Buried in Texas sports news in the wake of the NFL draft, the NBA playoffs that include the Houston Rockets, and the Dallas Stars’ surprising run in the NHL Stanley Cup chase has been word that Texas Tech University, out in lonely Lubbock in West Texas’ cotton producing South Plains, has signed men’s basketball coach Chris Beard to a contract that will pay him $4.575 million a season through 2025.
Taking a Big 12 team to an overtime loss in the NCAA Final can put a 46-year old coach in high cotton.
The short roll call of college coaches who now average more per season than Beard are Kentucky’s John Calipari at $9.3 million, Duke’s Mike Kryzyzewski at $7 million, and Tennessee’s Rick Barnes at $5.2 million. That’s according to USA Today’s 2019 salary data base for men’s basketball coaches. Barnes recently vaulted into the top 3 thanks to a public flirtation with UCLA. Bill Self, the Kansas coach whose teams have won 14 regular season Big 12 championships and a national championship, for now is on Beard’s heels at $4.07 million.
Texas Tech, the school that once offered coaching refuge to Indiana-ex Bob Knight, appears determined to sustain a big-time basketball reputation under Beard, who once served as Knight’s assistant in Lubbock. Over the years, competing in football against the likes of the University of Oklahoma and the University of Texas in Big 12 play has proven difficult. Still, if Texas Tech sounds familiar it may be because Kliff Kingsbury was the head football coach there from 2013 through 2018. He was fired in November after leading the Red Raiders to a 35-40 record in six seasons. Kingsbury, who has developed a reputation as a quarterback whisperer, parlayed what was deemed a sub-par performance at Texas Tech into a NFL head coaching position with the Arizona Cardinals.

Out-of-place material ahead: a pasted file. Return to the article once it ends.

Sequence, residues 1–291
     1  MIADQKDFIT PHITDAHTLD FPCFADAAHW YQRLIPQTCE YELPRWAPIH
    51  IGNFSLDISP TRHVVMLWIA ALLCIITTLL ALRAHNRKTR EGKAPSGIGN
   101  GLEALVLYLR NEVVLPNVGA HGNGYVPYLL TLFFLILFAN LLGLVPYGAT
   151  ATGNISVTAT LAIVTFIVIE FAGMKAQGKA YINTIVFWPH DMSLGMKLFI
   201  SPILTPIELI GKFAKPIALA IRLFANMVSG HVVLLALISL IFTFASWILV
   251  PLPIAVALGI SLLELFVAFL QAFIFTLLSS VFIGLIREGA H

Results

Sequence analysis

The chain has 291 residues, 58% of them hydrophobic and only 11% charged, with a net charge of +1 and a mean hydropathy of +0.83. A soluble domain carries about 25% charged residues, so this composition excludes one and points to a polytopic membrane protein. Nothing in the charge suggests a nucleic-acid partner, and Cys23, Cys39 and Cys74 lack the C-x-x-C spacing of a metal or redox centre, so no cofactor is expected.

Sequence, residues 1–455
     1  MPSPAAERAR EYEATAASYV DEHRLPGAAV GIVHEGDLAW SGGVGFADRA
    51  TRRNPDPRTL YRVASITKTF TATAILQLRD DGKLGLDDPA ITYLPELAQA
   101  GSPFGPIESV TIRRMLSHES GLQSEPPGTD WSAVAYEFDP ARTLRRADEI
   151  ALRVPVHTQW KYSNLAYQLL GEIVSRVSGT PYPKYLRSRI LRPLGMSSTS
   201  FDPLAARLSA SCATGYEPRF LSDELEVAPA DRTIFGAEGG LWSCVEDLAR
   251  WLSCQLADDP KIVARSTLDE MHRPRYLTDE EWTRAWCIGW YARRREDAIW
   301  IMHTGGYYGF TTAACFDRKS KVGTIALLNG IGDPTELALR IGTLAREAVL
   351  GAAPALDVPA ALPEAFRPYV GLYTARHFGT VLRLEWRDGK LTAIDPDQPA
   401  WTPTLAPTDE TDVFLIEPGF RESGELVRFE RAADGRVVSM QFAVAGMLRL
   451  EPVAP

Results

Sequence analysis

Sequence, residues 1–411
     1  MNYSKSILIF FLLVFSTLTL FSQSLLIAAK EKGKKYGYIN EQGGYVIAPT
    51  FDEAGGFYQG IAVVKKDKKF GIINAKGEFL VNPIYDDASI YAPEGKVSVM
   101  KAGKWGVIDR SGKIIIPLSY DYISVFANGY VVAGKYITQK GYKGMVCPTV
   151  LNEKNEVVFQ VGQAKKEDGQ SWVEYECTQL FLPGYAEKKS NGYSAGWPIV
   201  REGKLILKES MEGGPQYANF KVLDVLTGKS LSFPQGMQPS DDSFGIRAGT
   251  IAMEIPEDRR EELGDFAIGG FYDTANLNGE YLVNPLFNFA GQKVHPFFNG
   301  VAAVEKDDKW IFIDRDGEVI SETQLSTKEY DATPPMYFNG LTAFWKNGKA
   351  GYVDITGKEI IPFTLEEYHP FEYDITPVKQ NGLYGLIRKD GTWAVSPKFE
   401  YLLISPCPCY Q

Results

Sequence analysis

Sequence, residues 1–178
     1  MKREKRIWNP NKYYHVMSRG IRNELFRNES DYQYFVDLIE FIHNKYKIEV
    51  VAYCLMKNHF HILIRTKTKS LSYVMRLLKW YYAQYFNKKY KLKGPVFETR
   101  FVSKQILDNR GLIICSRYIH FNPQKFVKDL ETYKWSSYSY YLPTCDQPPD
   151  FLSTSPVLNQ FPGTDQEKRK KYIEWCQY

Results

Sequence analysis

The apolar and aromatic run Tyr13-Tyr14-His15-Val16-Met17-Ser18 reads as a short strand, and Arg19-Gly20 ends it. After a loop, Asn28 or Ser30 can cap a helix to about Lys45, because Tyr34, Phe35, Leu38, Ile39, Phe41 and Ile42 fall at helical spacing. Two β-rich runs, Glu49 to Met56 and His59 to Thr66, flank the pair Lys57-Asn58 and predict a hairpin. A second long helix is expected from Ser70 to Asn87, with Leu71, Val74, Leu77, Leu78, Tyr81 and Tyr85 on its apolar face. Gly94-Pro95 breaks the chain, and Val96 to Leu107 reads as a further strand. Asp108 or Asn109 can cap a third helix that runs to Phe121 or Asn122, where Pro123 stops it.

“It sends a very big message what our expectations are as an athletics program,” Texas Tech athletic director Kirby Hocutt told reporters after details of Beard’s latest contract were released.
Hocutt is serious about Beard, who had been a journeyman coach of sorts before landing in Lubbock as the head man. The athletic director last signed the coach to a new contract after the 2018 NCAA Tournament in which the Red Raiders reached the Elite Eight. Beard has been at Texas Tech since arriving from Arkansas-Little Rock in 2016. In his three seasons since replacing Tubby Smith, who left for what he thought were the greener pastures of Memphis, Beard’s teams has averaged 25 victories a season. The most recent coaching stop for Smith, who won a national championship at Kentucky, is at High Point University In North Carolina.
Beard’s latest contract with Tech has a $3 million buyout clause for schools in 49 states. If he leaves for any school in Texas or another Big 12 school, however, it will cost $6 million to get Beard out of his Texas Tech contract. You can be sure that the price doubles for a Texas school because of Beard’s connection to the University of Texas, his alma mater and first place he served as an assistant basketball coach.
Not that Beard has shown the slightest interest in seeing Lubbock in his rearview mirror.
“He’s had opportunities the last two years to look at just about every job that has become available,” Hocutt told The Dallas Morning News. “And he hasn’t looked at any of them…This is the best job for Chris Beard. I’m confident of that.”